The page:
Focusing on Average Treatment Impacts May Underestimate Program Impacts

This post is based on the article “Reconsidering findings of “no effects” in randomized control trials: Modeling differences in treatment impacts” by Brad Chaney. The article appears online at the American Journal of Evaluation.

When impacts vary from one subgroup to another, then focusing on average treatment effects (ATEs) may underestimate the impacts, according to a recent article in the American Journal of Evaluation. Using simulated data, author Bradford Chaney, a senior study director at Westat, develops the following six propositions.

  • Attention to subgroups can increase statistical power. This is especially a factor when the treatment being examined is not the only source of change—e.g., when there also is change due to maturation, outside support, and/or measurement error. Varying impact models can perform better than ATEs at modeling at least some of that variation, creating a potential for increased statistical power.
  • Modeling the nature of the relationships between the variables is important. Treating participant characteristics as isolated variables rather than in interaction with the treatment variable can lower the quality of the statistical estimates.

The author also gives several reasons to expect variations among subgroups within the field of education.

  • Examining differences in impacts is helpful even with errors in the specification. Even if the model is missing key variables or includes irrelevant variables, a partially correct specification can be more effective than the use of ATEs.
  • The use of varying impact models can outperform the use of ATEs even if the research design is restricted to specific subgroups of interest. For example, examining ATEs within a group that is limited to males does not perform as well as varying impact models.
  • Varying impact models are less vulnerable than ATEs to unrepresentative samples. Averages that are based on unrepresentative samples may give misleading results when applied to the entire nation. By contrast, varying impact models can measure the relationships between variables even when the sample is unrepresentative.
  • Varying impact models are less vulnerable than ATEs to biased samples. It is the presence of variation that is critical to estimating treatment impacts accurately, and not necessarily the distribution of the data—i.e., as long as there are some data from the extremes, a varying impact model can produce accurate estimates even if the data disproportionately favor one side. By contrast, through assuming the variation is equally distributed, the use of ATEs fails to make full use of the variation that is present, leading to less reliable results.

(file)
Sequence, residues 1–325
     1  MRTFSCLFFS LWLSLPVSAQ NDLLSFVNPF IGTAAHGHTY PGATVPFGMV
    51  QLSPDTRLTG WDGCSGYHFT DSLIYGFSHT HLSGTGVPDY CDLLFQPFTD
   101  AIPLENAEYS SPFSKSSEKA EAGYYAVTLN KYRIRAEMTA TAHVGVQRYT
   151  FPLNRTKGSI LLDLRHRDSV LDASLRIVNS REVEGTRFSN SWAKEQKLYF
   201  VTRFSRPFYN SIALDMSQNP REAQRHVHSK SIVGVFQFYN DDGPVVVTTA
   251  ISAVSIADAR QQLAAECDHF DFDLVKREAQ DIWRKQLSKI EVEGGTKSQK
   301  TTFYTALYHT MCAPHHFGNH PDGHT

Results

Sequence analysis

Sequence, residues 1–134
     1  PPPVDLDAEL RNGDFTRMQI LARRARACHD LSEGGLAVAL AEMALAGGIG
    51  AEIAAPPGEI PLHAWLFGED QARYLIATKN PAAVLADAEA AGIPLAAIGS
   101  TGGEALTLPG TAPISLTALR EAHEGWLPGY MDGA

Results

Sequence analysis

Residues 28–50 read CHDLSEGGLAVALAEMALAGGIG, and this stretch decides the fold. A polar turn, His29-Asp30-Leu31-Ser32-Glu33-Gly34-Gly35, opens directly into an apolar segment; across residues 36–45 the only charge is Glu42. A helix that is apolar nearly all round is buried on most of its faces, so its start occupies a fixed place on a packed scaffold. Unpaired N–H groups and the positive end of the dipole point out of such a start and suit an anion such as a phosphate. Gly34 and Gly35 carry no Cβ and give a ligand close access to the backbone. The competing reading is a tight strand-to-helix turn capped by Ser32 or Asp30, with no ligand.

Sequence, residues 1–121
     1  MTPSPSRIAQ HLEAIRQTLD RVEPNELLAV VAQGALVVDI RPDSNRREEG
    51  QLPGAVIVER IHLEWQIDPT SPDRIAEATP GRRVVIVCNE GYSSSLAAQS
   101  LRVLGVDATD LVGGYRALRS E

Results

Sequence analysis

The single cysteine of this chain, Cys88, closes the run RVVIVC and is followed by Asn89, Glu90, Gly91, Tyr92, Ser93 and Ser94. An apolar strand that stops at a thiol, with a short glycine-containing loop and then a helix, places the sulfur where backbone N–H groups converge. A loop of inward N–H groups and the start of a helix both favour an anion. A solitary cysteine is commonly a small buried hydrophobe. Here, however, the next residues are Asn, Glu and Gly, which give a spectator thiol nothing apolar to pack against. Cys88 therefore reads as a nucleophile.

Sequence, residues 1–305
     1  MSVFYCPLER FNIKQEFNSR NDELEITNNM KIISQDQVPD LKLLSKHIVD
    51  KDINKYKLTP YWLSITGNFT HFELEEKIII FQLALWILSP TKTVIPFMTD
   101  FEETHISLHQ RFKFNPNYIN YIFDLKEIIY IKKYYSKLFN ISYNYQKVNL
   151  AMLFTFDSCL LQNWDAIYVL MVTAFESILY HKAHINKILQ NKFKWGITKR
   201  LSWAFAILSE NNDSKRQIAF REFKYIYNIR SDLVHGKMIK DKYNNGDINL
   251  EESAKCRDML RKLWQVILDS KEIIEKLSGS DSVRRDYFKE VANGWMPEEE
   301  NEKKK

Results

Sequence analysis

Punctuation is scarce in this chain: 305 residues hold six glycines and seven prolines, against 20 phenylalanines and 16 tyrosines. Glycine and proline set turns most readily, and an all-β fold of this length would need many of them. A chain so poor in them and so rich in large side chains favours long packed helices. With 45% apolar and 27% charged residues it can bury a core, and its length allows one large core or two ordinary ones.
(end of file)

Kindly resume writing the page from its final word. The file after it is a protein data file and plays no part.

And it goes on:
The author also gives several reasons to expect variations among subgroups within the field of education.

  • Variations in participants’ level of treatment/dosage. The education system often has rules built on the assumption that dosage matters. States require public schools to offer a certain minimum number of days of instruction, and graduation from high school or college requires the earning of a minimum number of credits. Yet dosage amounts can vary radically in evaluations.
  • Factors affecting dosage. These might include internal factors (such as motivation, persistence, and self-efficacy) and external factors (such as transportation issues and constraints on time, including school or job requirements that interfere with full participation) and how they interact with program features such as frequency, timing, and location. For example, in an evaluation of Upward Bound, many students stopped participating because Upward Bound interfered with their ability to hold summer jobs.
  • Factors affecting people’s internal responses to a program. Factors such as motivation, self-efficacy, ambition or future goals, personal interest (e.g., in the topic being taught), relationships with people operating the program, and feelings of inclusion all could affect how people respond to a program. For example, two students might attend the same class, but one might listen intently and work earnestly to master the material, while another might pay little attention.
  • Factors affecting people’s ability to benefit from a program. A person’s ability to benefit may vary based on factors such as resources (e.g., access to computers or tools), internal qualities (such as intelligence, prior knowledge, and skill level), disabilities that are directly relevant to performance of required tasks, and outside support (such as from peers, family, community support, and community resources).
  • Different baselines. The success of an intervention may depend in part on how far the subject is from the goal at the start. Depending on a teacher’s approach, some material may be too difficult for lower achievers or too easy for higher achievers, keeping one or both groups from benefiting fully from the teacher’s instruction.

Chaney concludes that a focus on average treatment effects can lead to using misspecified models, effectively asking the wrong research question. Instead, both theoretical examination and empirical testing are required to find a well-specified model, which is needed for accurate estimates.


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